Now showing 1 - 5 of 14
- ItemOpen AccessAlternative Payment Systems Implication for Currency Demand and Monetary Policy in Developing Economy: A Case Study of Nigeria(International Journal of Humanities and Social Science, 2013-05-16) Oyelami, Lukman O; Yinusa, Dauda OThis paper investigates the implication of the alternative payment systems on currency demand and monetary policy using monthly data between 2008 and 2010. Vector Error Correction Model (VECM) was used due to endogenous assumption that predicated our model and the co-integrating behavour of variables employed. Previous theoretical and empirical studies on this issue are scarce for developing economies and to best of our knowledge none exists for Nigeria. The empirical results from Impulse-Response reveal that internet payment and mobile money substitute currency while credit card (ATM) and Point of Sale (POS) compliment it. Similarly, Apart from debit card (ATM) and internet payment (WEB) all other payment channels respond negatively to innovation in interest rate throughout the periods including currency. This finding may have serious implication for the conduct of monetary policy especially in developing countries as it alternative payment systems seem to dampen the effectiveness of monetary policy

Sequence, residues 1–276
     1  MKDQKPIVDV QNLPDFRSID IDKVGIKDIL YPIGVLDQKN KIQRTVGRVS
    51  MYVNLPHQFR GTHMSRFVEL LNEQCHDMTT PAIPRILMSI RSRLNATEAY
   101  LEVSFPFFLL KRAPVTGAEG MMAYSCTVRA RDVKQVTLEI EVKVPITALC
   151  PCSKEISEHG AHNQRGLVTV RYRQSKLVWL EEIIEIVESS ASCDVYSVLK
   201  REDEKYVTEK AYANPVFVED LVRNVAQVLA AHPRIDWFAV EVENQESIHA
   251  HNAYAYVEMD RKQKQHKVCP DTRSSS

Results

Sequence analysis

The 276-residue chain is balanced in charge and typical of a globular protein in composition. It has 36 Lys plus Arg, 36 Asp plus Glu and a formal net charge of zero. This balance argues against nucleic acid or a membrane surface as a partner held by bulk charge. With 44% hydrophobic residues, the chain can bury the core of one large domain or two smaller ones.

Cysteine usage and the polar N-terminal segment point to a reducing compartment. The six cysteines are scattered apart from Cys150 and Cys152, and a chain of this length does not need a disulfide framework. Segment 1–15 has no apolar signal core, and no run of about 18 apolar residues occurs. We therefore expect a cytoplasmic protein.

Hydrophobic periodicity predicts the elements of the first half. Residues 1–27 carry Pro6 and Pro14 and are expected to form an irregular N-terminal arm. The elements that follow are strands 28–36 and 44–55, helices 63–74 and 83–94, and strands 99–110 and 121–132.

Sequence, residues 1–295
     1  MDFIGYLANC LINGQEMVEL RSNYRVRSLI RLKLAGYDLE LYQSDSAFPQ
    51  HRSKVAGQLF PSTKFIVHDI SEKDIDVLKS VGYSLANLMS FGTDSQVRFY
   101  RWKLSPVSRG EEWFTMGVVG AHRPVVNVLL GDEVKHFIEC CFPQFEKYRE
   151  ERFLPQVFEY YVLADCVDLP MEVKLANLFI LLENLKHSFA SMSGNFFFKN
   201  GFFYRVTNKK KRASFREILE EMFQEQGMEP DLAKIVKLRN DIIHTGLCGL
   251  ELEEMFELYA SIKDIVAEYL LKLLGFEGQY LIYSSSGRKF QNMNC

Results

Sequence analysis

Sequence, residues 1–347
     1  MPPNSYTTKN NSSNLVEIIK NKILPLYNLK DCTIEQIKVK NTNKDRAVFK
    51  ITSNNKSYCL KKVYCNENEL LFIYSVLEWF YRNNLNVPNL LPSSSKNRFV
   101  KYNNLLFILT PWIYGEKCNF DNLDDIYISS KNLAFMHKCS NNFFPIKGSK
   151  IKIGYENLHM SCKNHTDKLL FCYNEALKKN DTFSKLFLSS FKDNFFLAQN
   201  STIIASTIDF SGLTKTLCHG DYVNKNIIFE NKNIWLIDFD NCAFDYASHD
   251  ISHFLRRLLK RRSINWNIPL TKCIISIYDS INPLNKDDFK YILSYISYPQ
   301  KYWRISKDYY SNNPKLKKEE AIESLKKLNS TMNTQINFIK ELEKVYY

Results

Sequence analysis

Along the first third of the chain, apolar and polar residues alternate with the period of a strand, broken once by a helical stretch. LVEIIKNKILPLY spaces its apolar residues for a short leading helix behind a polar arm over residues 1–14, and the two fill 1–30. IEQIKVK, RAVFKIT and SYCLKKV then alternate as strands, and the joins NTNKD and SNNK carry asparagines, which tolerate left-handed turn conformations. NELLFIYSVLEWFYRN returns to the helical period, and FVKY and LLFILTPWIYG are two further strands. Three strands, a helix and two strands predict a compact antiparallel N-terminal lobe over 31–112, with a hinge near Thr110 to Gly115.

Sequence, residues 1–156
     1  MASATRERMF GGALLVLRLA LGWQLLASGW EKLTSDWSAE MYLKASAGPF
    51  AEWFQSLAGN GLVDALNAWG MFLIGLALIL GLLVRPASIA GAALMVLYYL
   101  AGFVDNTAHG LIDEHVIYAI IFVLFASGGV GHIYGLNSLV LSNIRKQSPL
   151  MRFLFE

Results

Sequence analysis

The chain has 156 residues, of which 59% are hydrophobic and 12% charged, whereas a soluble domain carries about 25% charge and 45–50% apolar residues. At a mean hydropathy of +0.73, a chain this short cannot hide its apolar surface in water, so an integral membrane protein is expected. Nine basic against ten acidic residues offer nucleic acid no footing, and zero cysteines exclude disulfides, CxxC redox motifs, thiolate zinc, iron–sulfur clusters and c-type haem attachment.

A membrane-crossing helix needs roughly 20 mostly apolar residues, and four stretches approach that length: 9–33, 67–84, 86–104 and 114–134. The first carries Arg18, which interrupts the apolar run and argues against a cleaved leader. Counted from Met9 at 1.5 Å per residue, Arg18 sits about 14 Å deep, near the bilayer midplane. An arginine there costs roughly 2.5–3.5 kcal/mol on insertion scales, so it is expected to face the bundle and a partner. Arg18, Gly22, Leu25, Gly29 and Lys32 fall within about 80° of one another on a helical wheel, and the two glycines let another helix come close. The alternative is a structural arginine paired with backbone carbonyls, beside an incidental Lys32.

- ItemOpen AccessBank recapitalization and real sector performance: Empirical evidence from Nigeria(International journal of finance and banking studies, 2014-07-20) Akinkoye, Yemi E; Oyelami, Lukman OThis study investigates the impact of bank recapitalization on real sector performance in Nigeria. Specifically, the study examines the direct effect (bank investment) and indirect effect (loans and advances to real sector) on real sector output growth between the period 1986 and 2012.This study departs from previous studies because we aggregate the three leading sectors (agriculture, manufacturing and building and construction) of the Nigerian economy to arrive at our real sector index. Also, having carefully subjected our data to necessary econometric tests we employed chow test for structural break to test for the existence of policy shift between bank capital base and loan to the real sector of the Nigerian economy as a result of bank recapitalisation policy .Similarly, OLS estimates was used to determine the direct and indirect effect of bank capital base and real sector output growth. The results from structure break tests reveal that bank recapitalization policy causes policy shift in bank capital base and loan to real sector thus the policy is of significant impact to real sector performance .In corollary, the result from the OLS strongly indicates that bank capital base has significant effect on realsector output growth directly and indirectly. We then conclude that Nigerian banks should be adequately capitalised as to play active intermediateting roles expected of them in this modern and competitive global economy